by Phil Johnson
lot of people think John MacArthur started the lordship controversy with the publication of his book The Gospel According to Jesus in 1988. But the controversy existed long before MacArthur's book was published. Charles Ryrie and Zane Hodges had both written books on the subject years before MacArthur wrote his book.
Ryrie, for example, wrote Balancing the Christian Life in 1969. That book included a chapter titled, "Must Christ be Lord To Be Savior?" Listen to Ryrie's answer to the question his chapter-title raises:
Must Christ be Lord To Be Savior? the importance of this question cannot be over-estimated in relation to both salvation and sanctification. The message of faith only and the message of faith plus commitment of life cannot both be the gospel; therefore, one of them is a false gospel and comes under the curse of perverting the gospel or preaching another gospel (Gal. 1:6-9).
So as early as 1969, Charles Ryrie was applying Paul's anathema from Galatians 1 to teachers of what has come to be known as "lordship salvation."
I was assigned to read that book in one of my classes at Moody Bible Institute, but somehow the nature and the gravity of the controversy he was dealing with did not penetrate my consciousness. I glossed over that chapter, thinking Ryrie was merely arguing against works-salvation. And I somehow managed to graduate from Moody with a diploma in theology without fully realizing that Ryrie and his followers actually think Jesus' lordship is a truth better omitted from the gospel message.
I first became consciously aware that the lordship of Christ was controversial a year later, during my one-year stint at a fundamentalist-Baptist college.
The subject came up in one of those hallway discussions in the men's dorm, when a group of students were discussing preachers whom they liked and didn't like. One student said he thought Stephen Olford was positively dangerous. He said it with the utmost force and conviction. And I thought that odd, because Stephen Olford was one of the favorite speakers at Moody during my years there. I had never even met a student who didn't like Olford, much less heard anyone suggest that there was anything "dangerous" about him.
So I asked this fellow why he thought Stephen Olford was such a threat to the cause of truth.
He was quick to answer: "He corrupts the gospel. He teaches lordship salvation."
At that point, everyone in the conversation kind of nodded knowingly. I had just earned a diploma in theology from Moody Bible Institute, and I had never even heard the expression "lordship salvation." So I sheepishly asked, "What's lordship salvation?"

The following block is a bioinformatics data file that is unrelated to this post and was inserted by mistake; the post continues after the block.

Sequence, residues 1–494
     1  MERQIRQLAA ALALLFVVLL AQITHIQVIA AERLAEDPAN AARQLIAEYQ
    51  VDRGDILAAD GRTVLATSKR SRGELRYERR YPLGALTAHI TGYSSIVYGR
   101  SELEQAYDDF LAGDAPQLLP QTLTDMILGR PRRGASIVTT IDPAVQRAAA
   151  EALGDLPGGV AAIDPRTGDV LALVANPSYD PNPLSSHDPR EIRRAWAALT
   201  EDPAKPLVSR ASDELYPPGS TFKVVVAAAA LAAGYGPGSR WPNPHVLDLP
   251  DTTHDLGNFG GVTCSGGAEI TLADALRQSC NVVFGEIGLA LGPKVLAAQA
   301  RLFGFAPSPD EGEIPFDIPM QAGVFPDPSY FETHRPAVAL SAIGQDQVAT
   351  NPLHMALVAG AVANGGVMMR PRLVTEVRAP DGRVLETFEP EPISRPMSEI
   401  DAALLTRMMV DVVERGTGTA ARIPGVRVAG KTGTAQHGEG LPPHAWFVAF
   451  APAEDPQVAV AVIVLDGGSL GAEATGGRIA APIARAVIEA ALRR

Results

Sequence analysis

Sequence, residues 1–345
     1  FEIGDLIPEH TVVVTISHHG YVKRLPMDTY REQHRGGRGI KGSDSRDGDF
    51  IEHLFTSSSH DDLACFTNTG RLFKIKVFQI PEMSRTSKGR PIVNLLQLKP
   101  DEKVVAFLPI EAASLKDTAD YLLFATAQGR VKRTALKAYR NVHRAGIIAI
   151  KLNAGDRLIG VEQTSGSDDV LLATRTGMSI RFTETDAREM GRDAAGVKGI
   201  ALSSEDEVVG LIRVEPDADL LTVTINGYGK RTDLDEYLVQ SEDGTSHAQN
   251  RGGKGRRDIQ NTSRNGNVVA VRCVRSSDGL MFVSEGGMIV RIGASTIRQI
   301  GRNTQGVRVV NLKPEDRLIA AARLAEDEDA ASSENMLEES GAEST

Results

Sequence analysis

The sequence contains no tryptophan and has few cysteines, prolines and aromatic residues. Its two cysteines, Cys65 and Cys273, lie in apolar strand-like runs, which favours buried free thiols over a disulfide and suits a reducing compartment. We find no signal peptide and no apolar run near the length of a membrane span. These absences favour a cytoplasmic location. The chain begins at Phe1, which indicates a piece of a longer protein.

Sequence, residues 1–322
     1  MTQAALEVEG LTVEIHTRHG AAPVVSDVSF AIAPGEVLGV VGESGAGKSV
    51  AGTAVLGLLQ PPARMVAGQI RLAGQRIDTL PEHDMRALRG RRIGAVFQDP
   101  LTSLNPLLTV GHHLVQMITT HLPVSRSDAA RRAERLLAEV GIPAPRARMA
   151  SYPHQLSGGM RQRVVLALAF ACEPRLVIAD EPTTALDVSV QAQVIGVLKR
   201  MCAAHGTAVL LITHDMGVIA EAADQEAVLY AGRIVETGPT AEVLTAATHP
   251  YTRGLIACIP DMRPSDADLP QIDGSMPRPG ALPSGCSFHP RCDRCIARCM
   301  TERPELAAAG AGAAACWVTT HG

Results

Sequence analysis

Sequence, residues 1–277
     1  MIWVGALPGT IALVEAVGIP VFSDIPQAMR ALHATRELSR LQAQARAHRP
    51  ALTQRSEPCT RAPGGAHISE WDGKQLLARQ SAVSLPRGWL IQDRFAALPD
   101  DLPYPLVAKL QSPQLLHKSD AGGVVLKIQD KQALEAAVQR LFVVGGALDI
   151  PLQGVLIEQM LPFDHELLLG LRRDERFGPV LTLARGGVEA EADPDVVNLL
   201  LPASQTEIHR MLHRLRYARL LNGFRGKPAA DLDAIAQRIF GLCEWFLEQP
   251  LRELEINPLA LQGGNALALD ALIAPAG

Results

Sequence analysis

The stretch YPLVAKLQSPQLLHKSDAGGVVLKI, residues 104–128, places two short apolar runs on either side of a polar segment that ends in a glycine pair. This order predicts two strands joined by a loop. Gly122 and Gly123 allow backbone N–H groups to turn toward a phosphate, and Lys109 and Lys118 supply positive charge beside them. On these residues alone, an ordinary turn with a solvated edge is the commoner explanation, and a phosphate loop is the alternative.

He looked at me with an expression of incredulity and said, "Why, it's the teaching that you can't be saved unless you accept Jesus as your Savior and Lord."
I still didn't have a clue what he was talking about, so I asked, "What's wrong with that?"
He rather impatiently told me that proclaiming the lordship of Christ to an unsaved person is the same as preaching works. Surrender to Christ's lordship must be a post-conversion experience, he said. In fact, he said, it is entirely possible to receive Jesus as Savior and never yield to His lordship.
Surrender to Jesus' lordship is a work, he insisted, and it pertains to one's mature Christian life, not the moment of conversion. If an evangelist calls for the surrender of the sinner's will, or stresses Jesus' lordship in any way as a part of the gospel message to unbelievers, that person has tainted the gospel of grace with a message of works.
That was the first time I had ever heard the expression "lordship salvation," and it is the first time I can remember being aware that anyone believed it corrupts the gospel to proclaim to sinners that Jesus is Lord.
I remember being completely stymied by my fellow student's opposition to lordship salvation. I instantly felt that what he was saying could not be quite right, but at the moment I had no time to think through the issues, so I set the whole matter aside in my mind and determined to think it through when I got a chance. I instinctively could see that it was a huge issue, and I knew because it touched the matter of the purity of the gospel it was important for me to settle it in my thinking before I entered into any vocational ministry. But it seemed such a huge issue that I kept setting it aside and putting off thinking it through.
It was more than three years before I seriously considered the issue again.
(More to come.)